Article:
There’s an opera called Maria de Rudenz about a dead woman who comes back to life… You think that’s a bit strange. His wife died after his big successes and you wonder how much his mind starts to leak into the music.
There’s been no biography or serious study of Donazetti for about forty years – all of which are out of print. I had to have my copy specially printed! You can buy loads of biographies about other composers, what’s happened to Donazetti? Have we lost interest in him or maybe it’s too grim? We loved the music, we thought we’d take it from there.
Jake: And did you reach a conclusion as to why his life story isn’t as popularised as his contemporaries?
Mike: It’s odd, sometimes it seems random that certain life stories are well known. Did people really know much about Mozart before Amadeus? I don’t know! Wagner was such an egomanic, he wrote all of these fictitious memoirs. Mozart was the sublime musician who died in poverty. Beethoven’s deaf so we pick up from there. Verdi is a national icon, representing Italian unity.
Donazetti was a working musician. He wrote seventy operas, nearly all produced. Some went completely off the map until they were picked up by festivals in Italian towns where they revive these obscure operas. By the time of his death, he was one of the world’s most famous composers, fifty years later, he was known for three or four works.
Jake: So how are you hoping to introduce Donazetti to people who are unaware of his work or that might be outside of the traditional base of opera fans?
Mike: I hope people will be attracted by the whole idea of a mixture of drama and live operatic singing which is not too common.
When this music is contextualised, you’d have to have a heart of stone to not be moved by some of it, I think.
This is a very accessible play. It’s not a question of the audience sitting through obscure music, it’s all very direct and emotional. The arias are strongly linked back to his life.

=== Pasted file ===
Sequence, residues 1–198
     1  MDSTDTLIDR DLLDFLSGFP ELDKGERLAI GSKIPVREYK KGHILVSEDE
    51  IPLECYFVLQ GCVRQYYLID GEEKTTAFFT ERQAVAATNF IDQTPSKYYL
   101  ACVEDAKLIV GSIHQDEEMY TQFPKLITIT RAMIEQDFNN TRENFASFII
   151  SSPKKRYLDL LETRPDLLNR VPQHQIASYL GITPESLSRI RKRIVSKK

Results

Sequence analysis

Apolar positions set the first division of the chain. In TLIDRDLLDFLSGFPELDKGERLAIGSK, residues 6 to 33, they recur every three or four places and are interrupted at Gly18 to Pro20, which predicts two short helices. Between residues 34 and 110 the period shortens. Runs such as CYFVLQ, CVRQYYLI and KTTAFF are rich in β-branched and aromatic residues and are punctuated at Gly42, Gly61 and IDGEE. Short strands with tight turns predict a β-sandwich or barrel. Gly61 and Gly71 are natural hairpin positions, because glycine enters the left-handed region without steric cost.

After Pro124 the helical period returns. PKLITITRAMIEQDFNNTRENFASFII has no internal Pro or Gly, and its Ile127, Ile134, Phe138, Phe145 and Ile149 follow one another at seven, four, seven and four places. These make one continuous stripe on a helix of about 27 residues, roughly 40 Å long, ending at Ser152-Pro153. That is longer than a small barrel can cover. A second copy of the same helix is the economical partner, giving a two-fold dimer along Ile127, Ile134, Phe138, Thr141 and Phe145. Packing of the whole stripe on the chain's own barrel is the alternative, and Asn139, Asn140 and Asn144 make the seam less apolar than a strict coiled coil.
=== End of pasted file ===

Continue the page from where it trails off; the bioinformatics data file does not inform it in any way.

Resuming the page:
For our actors, it’s been a learning experience. Our Opera Singer mostly worked with Puccini’s music and has now learnt nine of Donazetti’s arias which she will perform as a recitalist.
Jake: So you’re doing a bit of praxis as well as performing here too, by adding exposure to Donazetti’s work through recital?
Mike: It says a lot that people who love opera are still amazed by the fact Donazetti wrote seventy of them. These operas might not be on everyone’s wish list to go and see, but when they hear the arias they think wow, that’s beautiful!
I guess now we will have to wait and see what the audience thinks and what direction the show takes.
The Maestro was written for people to be in close contact with the actors, in a beautiful atmosphere. The venues are part of the pleasure of the experience.
I think that The Maestro is going to be a highly accessible piece of drama. It’s not just for specialists, it’s not even particularly high brow. Operas weren’t written for elite audiences, they were much more like modern musicals. This show is quite vivid, and I guess there’s nothing more to say than book now to avoid disappointment, really!
The Maestro will perform across three venues at Brighton Fringe this year on the 7th, 19th-21st and 28th May respectively. Tickets are available through the Brighton Fringe Box Office.
Our Editor-in-Chief, Jake is a theatremaker and playwright interested in political theatre, new writing, comedy and international theatre. They have a particular interest in the post-Soviet space, Queer performance, British grassroots politics and Scottish new writing. They started their Fringe journey in 2018 and is an avid festival-goer. Their favourite drink is an IPA – no hops held back.
Festivals: Edinburgh Fringe (2018-2019, 2021-2022), Brighton Fringe (2019), Paris Fringe (2020)